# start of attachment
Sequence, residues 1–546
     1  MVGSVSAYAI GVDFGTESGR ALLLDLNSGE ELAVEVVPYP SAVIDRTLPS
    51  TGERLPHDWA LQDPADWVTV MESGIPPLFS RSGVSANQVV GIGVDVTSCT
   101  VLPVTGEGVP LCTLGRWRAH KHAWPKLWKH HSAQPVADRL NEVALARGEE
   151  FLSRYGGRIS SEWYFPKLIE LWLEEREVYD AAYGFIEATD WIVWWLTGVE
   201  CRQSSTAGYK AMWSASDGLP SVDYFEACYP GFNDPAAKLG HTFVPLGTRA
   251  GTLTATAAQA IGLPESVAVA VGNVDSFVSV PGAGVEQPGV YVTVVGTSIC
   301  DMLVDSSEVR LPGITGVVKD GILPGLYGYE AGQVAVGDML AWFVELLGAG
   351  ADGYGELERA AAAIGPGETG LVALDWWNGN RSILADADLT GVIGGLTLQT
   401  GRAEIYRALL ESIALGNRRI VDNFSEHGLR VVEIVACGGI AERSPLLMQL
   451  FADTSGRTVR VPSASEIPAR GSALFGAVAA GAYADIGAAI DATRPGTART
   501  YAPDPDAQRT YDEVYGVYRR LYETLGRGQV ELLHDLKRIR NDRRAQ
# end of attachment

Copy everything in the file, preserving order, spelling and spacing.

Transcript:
Sequence, residues 1–546
     1  MVGSVSAYAI GVDFGTESGR ALLLDLNSGE ELAVEVVPYP SAVIDRTLPS
    51  TGERLPHDWA LQDPADWVTV MESGIPPLFS RSGVSANQVV GIGVDVTSCT
   101  VLPVTGEGVP LCTLGRWRAH KHAWPKLWKH HSAQPVADRL NEVALARGEE
   151  FLSRYGGRIS SEWYFPKLIE LWLEEREVYD AAYGFIEATD WIVWWLTGVE
   201  CRQSSTAGYK AMWSASDGLP SVDYFEACYP GFNDPAAKLG HTFVPLGTRA
   251  GTLTATAAQA IGLPESVAVA VGNVDSFVSV PGAGVEQPGV YVTVVGTSIC
   301  DMLVDSSEVR LPGITGVVKD GILPGLYGYE AGQVAVGDML AWFVELLGAG
   351  ADGYGELERA AAAIGPGETG LVALDWWNGN RSILADADLT GVIGGLTLQT
   401  GRAEIYRALL ESIALGNRRI VDNFSEHGLR VVEIVACGGI AERSPLLMQL
   451  FADTSGRTVR VPSASEIPAR GSALFGAVAA GAYADIGAAI DATRPGTART
   501  YAPDPDAQRT YDEVYGVYRR LYETLGRGQV ELLHDLKRIR NDRRAQ